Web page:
Magnetic resonance imaging (MRI) is indispensable in medical diagnostics. However, MRI units are large and expensive to acquire and operate. With smaller and cost-efficient systems, MRI would be more flexible and more people could benefit from the technique.
Such mini MRI units generate a much weaker signal that is difficult to analyze, though. Researchers at the Max Planck Institute (MPI) for Biophysical Chemistry and the Center for Biostructural Imaging of Neurodegeneration have now developed a method amplifying the signal so much that they could monitor a metabolic reaction in real time with a miniature MRI.
Inside view of the miniature MRI unit equipped with a test tube.
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A conventional MRI unit is huge, filling an entire room. The impressive size has its reason: The donut-shaped tube contains large magnets that generate a very strong magnetic field. When combined with short radio frequency pulses, the magnetic force elicits a signal from the water in the patient's body. The signal gives rise to an image of the body region examined. The stronger the magnetic field, the clearer the signal – and hence the more detailed the image produced.
The power of these MRI units, however, brings along two decisive drawbacks: Firstly, because of their size and weight, the machines are not mobile and cannot be brought directly to the patient’s bed. Secondly, their operation is very costly: It requires a lot of electricity and expensive liquids such as helium at minus 270 degrees Celsius to cool the magnets. For these reasons, only financially strong institutions can run such MRI units. Most people worldwide still do not have access to this technology.
Several scientists want to change this and are developing inexpensive, mobile MRI devices. One of them is Stefan Glöggler, research group leader at the Göttingen MPI for Biophysical Chemistry and at the Center for Biostructural Imaging of Neurodegeneration.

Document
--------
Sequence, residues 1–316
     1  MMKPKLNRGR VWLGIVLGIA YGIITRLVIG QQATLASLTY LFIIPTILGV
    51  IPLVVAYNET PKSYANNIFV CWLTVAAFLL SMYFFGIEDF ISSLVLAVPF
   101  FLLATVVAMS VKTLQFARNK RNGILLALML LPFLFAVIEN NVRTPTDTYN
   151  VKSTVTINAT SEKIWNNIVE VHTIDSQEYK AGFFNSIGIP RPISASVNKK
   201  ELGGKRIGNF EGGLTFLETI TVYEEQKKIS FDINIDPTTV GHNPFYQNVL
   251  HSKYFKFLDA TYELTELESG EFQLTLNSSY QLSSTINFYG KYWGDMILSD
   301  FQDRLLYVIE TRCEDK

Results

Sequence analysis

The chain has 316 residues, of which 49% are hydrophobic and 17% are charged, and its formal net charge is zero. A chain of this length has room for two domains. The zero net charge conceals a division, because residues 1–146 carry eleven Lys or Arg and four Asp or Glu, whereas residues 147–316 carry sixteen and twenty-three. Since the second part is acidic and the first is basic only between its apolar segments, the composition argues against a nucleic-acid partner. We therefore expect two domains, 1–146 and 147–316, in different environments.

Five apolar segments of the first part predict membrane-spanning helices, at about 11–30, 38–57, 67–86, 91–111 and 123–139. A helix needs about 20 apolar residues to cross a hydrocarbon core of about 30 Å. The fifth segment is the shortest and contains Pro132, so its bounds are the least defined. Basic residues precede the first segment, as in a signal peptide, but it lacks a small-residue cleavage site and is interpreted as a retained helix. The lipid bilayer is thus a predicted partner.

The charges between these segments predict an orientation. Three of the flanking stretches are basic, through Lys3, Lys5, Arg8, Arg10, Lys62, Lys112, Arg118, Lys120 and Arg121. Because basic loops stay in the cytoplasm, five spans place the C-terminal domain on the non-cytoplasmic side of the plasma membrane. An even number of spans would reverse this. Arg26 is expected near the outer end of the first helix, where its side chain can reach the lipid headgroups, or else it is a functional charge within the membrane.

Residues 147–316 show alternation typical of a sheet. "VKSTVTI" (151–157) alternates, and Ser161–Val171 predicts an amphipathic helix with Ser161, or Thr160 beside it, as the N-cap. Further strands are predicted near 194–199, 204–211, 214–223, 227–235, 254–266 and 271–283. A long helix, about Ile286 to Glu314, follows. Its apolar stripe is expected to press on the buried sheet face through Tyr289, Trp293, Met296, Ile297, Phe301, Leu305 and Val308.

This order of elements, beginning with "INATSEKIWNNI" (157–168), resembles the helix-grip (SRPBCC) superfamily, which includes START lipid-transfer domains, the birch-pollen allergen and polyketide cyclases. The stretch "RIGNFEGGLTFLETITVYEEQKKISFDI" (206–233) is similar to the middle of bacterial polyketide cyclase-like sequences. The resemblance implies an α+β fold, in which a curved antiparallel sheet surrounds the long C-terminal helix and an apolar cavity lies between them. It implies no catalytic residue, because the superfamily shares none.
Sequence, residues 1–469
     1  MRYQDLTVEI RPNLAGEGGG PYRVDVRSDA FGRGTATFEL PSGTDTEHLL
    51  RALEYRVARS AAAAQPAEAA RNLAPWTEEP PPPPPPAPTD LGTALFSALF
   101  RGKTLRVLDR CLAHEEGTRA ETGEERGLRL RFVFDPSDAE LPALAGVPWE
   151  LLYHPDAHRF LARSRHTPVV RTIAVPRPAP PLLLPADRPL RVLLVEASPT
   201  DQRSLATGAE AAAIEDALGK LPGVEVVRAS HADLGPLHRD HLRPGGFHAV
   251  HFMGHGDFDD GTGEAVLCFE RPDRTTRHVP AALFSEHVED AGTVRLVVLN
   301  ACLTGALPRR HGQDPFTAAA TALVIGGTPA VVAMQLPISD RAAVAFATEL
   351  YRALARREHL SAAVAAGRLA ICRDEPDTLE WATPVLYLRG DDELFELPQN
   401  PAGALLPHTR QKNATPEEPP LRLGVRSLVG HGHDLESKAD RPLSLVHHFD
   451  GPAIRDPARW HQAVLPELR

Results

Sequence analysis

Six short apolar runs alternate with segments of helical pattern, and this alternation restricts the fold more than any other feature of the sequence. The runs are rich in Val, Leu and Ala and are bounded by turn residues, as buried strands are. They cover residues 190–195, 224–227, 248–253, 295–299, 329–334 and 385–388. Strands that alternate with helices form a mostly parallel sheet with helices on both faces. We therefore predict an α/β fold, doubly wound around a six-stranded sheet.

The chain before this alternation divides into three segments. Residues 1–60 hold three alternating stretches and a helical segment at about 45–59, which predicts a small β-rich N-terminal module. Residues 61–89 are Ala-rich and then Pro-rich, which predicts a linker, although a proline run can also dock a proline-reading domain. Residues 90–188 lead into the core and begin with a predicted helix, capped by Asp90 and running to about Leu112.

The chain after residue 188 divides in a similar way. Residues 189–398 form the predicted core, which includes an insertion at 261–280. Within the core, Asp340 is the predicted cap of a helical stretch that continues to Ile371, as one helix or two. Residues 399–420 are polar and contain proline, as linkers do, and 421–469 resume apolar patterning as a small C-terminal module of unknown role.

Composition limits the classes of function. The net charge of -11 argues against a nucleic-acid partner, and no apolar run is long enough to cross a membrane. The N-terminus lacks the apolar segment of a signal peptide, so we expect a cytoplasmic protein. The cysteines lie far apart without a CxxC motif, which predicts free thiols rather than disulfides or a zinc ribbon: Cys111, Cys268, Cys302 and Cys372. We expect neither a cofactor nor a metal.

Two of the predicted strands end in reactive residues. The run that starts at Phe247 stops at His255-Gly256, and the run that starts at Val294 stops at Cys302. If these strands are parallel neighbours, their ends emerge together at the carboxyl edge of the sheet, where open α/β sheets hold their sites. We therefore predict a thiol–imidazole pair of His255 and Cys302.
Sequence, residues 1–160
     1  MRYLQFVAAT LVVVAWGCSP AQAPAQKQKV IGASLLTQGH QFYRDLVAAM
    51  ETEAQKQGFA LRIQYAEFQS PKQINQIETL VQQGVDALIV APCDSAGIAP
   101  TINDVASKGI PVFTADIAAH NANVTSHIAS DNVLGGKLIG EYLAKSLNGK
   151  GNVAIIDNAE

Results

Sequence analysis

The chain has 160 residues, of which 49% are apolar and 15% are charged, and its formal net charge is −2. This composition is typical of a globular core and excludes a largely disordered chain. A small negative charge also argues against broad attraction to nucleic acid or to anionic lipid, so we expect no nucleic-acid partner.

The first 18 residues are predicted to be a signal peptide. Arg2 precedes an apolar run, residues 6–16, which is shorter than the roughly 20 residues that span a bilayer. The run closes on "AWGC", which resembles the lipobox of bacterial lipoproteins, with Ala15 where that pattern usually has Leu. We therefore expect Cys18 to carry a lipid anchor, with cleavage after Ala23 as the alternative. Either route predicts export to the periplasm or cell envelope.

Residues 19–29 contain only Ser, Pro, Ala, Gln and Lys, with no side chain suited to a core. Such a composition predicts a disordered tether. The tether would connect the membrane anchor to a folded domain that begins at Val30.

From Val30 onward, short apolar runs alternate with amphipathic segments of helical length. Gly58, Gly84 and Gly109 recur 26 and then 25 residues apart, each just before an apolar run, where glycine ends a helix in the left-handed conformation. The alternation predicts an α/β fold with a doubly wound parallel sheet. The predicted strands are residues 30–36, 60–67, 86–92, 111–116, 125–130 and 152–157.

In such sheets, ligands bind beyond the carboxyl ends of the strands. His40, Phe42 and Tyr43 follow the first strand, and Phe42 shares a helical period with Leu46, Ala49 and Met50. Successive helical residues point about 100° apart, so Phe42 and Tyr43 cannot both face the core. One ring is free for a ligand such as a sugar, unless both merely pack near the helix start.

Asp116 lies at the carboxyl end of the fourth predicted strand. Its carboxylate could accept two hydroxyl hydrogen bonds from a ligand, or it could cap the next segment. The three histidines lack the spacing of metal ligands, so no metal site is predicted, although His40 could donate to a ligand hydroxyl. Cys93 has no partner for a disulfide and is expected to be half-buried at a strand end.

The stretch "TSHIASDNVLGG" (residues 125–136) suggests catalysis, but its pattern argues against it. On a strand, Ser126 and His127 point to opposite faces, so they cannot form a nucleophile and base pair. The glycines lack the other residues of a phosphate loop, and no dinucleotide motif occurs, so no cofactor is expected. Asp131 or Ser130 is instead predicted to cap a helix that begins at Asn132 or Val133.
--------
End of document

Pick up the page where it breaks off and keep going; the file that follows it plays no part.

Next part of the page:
"A major technical challenge in the design of a miniature MRI unit is that the signal generated is very weak,” Glöggler explains. “This is because such a small device has to operate with much weaker magnets than a conventional system. We have now succeeded in significantly amplifying the signal."
For their experiments, the Göttingen chemists have constructed their own miniature MRI unit. It is about the size of a small barrel. "Our little tomograph is very flexible. It can be adapted to the size of the object to be examined – be it a chemical sample or a human head," reports Sergey Korchak, a postdoctoral researcher in Glöggler’s team. "The magnetic field is about a hundred times lower than in conventional MRI devices. Its strength is comparable to that of magnets we attach to the fridge at home."
The scientists now transferred a method already established in conventional MRI units, the so-called hyperpolarization, to their low-field device. This enabled them to amplify the signal at the weak magnetic field so much that it became measurable. With this improvement, they could follow in real time how pyruvate is converted into lactate by using a miniature MRI for the first time. The biochemical reaction continuously takes place in our body cells as part of the energy production process and it was not chosen at random by the Göttingen researchers, as Glöggler's postdoc Anil Jagtap says: "How much pyruvate cells convert into lactate provides information about whether sufficient oxygen is available in a tissue or whether it is used to produce energy. In the future, this information could help to diagnose brain traumas and certain types of cancer." Corresponding MRI studies are already underway in hospitals.
Glöggler is optimistic that such examinations will soon be possible with low-field MRI devices. "The signal amplification we have developed is an important piece of the puzzle for developing portable MRI units to market maturity, so that more patients can benefit from the diagnostic strength of this technology," the chemist emphasizes.